Cleaning the glass: The Hawks won the rebounding battle in both of their state games against bigger teams, outrebounding Prescott 56-35 on Saturday and Ripon 39-24 in the semifinal.

While Xavier didn’t have a starter over 6-foot-5, the Hawks used hustle and desire to be a force around the glass.

“We have some big kids, but we don’t have 7-1,” Klarner said. “But we talk about it every day in practice, toughness and positioning. That’s how we want to rebound and a drill doesn’t go by where we don’t think about it or talk about it or mention it. I think that’s what makes us different.

“A lot of teams probably say we want to rebound the ball, but every single day we hold our kids accountable for it.”

That doesn’t mean the players don’t complain a little.

“Oh, they get irritated,” Klarner said. “They want to have a day where they don’t have to pound on somebody. And they’re like, ‘Ah, do I have to box out this kid again?’ And we keep on them about it and we don’t let it falter because we know that in a big game like this is when you need it and I thought we did a nice job today.”

High-flying Hawks: Prescott coach Nick Johnson said it was tough to keep up with Xavier’s high-octane offense.

The Cardinals had watched the Hawks get the best of Ripon in Thursday’s state semifinal and knew that the speed and athleticism of Xavier would present a big challenge.

Xavier’s 20-3 run in the first half helped the Hawks build a 34-25 lead that provided the impetus for the victory.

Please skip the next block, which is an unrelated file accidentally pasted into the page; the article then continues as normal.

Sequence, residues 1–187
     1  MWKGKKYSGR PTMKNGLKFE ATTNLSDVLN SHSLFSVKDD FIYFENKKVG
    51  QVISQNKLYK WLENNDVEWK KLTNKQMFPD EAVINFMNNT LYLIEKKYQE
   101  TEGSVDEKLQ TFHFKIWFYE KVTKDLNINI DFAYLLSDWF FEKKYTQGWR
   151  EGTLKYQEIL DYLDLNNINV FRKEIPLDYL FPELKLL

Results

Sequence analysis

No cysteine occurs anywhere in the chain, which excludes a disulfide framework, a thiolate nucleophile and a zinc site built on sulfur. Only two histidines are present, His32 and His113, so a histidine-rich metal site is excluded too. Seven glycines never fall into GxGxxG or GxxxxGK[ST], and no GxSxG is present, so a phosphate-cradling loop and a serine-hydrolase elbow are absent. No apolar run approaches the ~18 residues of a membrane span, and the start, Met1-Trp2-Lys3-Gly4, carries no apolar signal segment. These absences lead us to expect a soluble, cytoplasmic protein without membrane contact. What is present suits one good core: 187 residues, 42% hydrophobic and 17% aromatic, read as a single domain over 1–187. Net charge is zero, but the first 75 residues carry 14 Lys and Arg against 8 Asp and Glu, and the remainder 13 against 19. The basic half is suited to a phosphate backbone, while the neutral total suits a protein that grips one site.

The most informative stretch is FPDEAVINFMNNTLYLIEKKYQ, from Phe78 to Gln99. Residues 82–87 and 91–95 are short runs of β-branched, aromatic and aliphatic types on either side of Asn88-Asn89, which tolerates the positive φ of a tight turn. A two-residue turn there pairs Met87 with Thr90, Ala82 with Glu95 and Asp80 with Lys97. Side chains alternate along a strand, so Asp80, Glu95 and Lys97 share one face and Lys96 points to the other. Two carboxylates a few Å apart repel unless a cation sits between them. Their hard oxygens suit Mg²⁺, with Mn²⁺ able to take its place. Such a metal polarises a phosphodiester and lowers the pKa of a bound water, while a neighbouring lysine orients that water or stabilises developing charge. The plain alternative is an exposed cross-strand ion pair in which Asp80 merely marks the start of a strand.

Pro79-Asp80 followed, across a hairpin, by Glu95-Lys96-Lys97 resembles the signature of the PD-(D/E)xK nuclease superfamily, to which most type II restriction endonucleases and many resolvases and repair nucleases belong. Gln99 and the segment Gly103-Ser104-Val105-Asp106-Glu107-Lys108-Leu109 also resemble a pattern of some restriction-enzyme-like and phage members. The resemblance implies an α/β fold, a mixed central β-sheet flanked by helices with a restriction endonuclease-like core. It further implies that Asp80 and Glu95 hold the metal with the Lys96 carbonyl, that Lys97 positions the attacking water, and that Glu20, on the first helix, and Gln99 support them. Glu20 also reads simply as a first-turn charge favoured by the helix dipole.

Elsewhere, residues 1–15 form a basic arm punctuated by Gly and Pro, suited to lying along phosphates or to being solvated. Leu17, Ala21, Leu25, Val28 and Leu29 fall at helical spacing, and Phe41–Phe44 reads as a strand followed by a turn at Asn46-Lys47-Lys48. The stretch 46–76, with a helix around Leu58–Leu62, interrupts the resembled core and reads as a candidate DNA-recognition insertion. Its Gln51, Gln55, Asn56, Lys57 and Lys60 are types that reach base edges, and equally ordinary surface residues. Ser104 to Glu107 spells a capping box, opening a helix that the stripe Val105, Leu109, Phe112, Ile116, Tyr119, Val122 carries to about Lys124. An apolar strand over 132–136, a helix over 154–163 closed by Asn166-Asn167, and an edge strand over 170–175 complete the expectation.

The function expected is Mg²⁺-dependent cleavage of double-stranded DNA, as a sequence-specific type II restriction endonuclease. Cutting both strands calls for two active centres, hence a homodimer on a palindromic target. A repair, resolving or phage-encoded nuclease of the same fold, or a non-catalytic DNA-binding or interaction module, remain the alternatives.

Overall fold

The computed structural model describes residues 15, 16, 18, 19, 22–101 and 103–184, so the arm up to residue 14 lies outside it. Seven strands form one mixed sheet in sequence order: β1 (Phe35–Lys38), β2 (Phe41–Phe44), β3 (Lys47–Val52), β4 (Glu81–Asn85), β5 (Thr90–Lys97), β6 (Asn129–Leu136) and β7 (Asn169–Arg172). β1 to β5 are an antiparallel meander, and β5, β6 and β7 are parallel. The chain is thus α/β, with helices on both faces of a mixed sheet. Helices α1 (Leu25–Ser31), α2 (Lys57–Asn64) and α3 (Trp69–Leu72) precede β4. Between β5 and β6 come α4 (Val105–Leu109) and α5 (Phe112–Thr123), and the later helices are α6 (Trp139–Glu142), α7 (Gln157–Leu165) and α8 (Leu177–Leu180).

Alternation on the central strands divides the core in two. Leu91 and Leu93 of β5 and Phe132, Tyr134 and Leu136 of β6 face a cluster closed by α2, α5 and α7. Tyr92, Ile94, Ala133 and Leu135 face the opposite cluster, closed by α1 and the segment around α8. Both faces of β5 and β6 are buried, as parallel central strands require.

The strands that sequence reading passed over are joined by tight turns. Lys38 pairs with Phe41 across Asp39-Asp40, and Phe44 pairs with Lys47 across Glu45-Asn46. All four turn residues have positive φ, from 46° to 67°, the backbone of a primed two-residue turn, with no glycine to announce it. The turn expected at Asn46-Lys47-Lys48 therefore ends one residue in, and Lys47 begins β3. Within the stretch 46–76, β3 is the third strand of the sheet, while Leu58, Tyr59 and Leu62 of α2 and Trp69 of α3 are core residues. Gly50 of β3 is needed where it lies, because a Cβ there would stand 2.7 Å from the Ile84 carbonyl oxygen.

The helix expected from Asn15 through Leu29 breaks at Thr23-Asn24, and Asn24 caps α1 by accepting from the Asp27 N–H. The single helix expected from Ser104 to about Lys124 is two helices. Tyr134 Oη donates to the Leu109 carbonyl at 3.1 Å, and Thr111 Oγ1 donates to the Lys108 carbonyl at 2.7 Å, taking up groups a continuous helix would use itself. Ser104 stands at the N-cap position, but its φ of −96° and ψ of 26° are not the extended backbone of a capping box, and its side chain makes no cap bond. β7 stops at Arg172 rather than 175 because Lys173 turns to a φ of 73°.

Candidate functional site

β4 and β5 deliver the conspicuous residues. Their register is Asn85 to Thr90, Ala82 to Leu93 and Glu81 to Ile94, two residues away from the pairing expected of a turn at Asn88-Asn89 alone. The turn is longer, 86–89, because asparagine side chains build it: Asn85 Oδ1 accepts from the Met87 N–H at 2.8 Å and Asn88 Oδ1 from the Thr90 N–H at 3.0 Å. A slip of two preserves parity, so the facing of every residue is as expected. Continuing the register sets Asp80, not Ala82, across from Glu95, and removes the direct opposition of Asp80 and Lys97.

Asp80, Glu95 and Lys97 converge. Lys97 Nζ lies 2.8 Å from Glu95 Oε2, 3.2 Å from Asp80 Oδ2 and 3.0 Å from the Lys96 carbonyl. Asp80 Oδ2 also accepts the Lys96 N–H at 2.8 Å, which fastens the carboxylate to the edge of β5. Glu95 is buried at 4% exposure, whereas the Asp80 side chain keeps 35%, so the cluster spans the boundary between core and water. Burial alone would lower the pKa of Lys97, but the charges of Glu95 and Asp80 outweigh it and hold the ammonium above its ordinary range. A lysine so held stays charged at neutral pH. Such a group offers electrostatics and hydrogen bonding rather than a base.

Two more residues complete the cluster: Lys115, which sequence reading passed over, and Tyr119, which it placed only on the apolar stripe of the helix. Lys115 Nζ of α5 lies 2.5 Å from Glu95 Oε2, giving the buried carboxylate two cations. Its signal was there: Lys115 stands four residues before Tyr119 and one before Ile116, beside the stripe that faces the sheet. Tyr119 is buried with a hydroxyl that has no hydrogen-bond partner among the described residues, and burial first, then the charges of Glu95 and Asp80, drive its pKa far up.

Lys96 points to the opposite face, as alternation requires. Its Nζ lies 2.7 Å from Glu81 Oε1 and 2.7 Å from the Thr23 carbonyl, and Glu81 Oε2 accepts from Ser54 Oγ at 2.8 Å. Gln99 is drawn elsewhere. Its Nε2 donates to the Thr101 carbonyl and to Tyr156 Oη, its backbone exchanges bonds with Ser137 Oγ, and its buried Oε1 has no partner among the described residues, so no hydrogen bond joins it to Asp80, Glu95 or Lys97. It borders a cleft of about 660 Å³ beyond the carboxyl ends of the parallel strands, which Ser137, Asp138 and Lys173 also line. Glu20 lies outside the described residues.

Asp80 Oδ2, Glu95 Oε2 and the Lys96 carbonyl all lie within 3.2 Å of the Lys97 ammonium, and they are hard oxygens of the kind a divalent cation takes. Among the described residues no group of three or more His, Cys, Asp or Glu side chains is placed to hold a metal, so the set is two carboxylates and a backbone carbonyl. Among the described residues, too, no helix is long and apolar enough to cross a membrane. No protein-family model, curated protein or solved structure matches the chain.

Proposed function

“They’re so good in transition and we stressed the last two days in our practice and our walk-throughs that it’s a turn-and-sprint and you have to get back and build a wall,” Johnson said. “But they’re so good and so quick on how they release and they would send guys down the floor, and then how they finish around the rim.

“I think that was a big part, the first half, when they built that big run and they went on a 20-3 run and they were getting easy buckets. Credit them and I think there was a point there where our guys were getting tired and it showed.”

Second no more: It was Xavier’s third consecutive trip to the Division 3 state championship game. The Hawks lost to Waupun 59-58 last season and to Brown Deer 74-60 in 2015.

Getting the gold on the third try was something sweet for Teerlinck.

“It’s incredible,” he said. “Sure, two silver balls in a row, that’s something to be proud of. But I was tired of silver and I think the team was tired of silver. And the whole Xavier community was tired of silver. To finally go out and get the gold was really special.”

He said it: “Teerlinck came in and Will Schlicht and Nate DeYoung and Henry Egan all stepped up big for us. They did a real good job of guarding him in the post and keeping his numbers down.” — Xavier guard Hunter Plamann, on his team’s defense of Hamilton.

Ricardo Arguello: 920-993-7191 or rarguello@postcrescent.com; on Twitter @PCRicardo